animals, Behavior, biology, Education, evolution, mating, Popular science, reproduction, science, sex
Unfortunately, I’ve been too busy to attend to Inspiring Science this week. Rather than putting out a rushed post, I decided to republish this piece which I originally wrote for Accumulating Glitches last year. I hope you like it!
Some spiders get eaten by their mates, and male salmon famously fight to the death for access to females, but we generally don’t think of reproduction being quite as risky for mammals. We may prance and pose or jockey for attention, and mating might even be quite painful, but it’s usually not lethal. Among mammals, “live to mate another day” seems to be the guiding principle. Exceptions to this rule are found in the dasyurids and didelphids, groups of small carnivorous marsupial species living in Australia and South America, respectively. “These species experience extreme sexual behaviour,” said Dr. Diana Fisher of the University of Queensland. Males and females mate with multiple partners and matings can go on for many hours. Afterwards, the males all die.
Dr. Fisher decided to investigate this remarkable behaviour. Together with colleagues from the University of Sydney and the University of Tasmania, she looked at over 50 dasyurid and didelphid species with varying rates of male survival after mating, recording various data like the proportion of males that die after mating, the size of their scrotum and the length of the breeding season. One theory suggests that male die-off might be an altruistic act to avoid competing with their young for food, so Fisher’s team also measured the abundance of their arthropod prey throughout the breeding period. They found that females do time their mating period to ensure peak prey availability during weaning, but the males aren’t sacrificing themselves for their young. Instead, the mass male suicide after mating seems to result from their intense competition. “They use up all possible energy and body tissues on competitive mating, which causes synchronized death after mating in males,” said Dr. Fisher.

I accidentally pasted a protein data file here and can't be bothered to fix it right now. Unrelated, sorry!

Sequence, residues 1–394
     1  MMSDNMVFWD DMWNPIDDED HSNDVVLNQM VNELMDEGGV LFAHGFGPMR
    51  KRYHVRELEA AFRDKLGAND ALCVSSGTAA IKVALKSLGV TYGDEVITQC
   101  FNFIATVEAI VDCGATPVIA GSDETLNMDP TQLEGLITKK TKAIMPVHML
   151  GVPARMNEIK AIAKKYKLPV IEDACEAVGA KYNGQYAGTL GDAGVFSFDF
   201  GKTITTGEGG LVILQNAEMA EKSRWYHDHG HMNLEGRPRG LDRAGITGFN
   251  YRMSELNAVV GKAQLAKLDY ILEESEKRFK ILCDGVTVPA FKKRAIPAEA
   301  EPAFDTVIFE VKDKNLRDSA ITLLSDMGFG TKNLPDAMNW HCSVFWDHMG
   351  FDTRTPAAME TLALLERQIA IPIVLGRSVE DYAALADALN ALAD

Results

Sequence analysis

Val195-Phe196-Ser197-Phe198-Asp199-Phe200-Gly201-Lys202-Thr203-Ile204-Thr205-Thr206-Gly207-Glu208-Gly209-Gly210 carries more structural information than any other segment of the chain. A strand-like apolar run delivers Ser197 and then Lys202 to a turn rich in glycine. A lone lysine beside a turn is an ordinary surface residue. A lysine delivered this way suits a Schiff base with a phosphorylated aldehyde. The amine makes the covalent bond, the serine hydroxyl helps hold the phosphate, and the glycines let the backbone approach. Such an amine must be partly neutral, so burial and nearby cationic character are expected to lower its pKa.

The males are forced to such lengths because females will only mate during a brief time window in order to make sure there’s enough food available when they’re weaning the young. Since both sexes are promiscuous, males have to compete with their sperm rather than monopolizing access to the females. They put everything they can into mating, producing over-sized testes and copulating for nearly ten hours at a time. These long bouts limit the female’s access to other males, but after that it’s up to the sperm to slug it out with competitors. “Males compete not by fighting, but by mating themselves to death because their sperm is in competition with the sperm of many other males,” according to Dr. Fisher. The immense pressure to produce better sperm takes its toll on the males, leading to immune failure and eventually death. “Females not only benefit by weaning their young when there is most food,” said Dr. Fisher, “but also by promoting this extreme sperm competition, because the highest quality males father their young.”
This is a great story about sexual selection, about females manipulating males into literally dying for sex, but it’s more than just that. What really got me excited about this story is why the females force the males to compete so intensely — because they want to wean their young when there’s plenty of prey around. In other words, the population dynamics of the prey is driving sexual selection in these marsupial predators. The seasonal changes in the arthropod population ultimately lead to suicidal reproduction in the males of these small mammals. It’s a beautiful story at the intersection of ecology, evolution, and behaviour, a wonderful reminder of the intertwined complexity that is biology.
Fisher DO, Dickman CR, Jones ME, & Blomberg SP (2013). Sperm competition drives the evolution of suicidal reproduction in mammals. Proceedings of the National Academy of Sciences of the United States of America, 110 (44), 17910-4 PMID: 24101455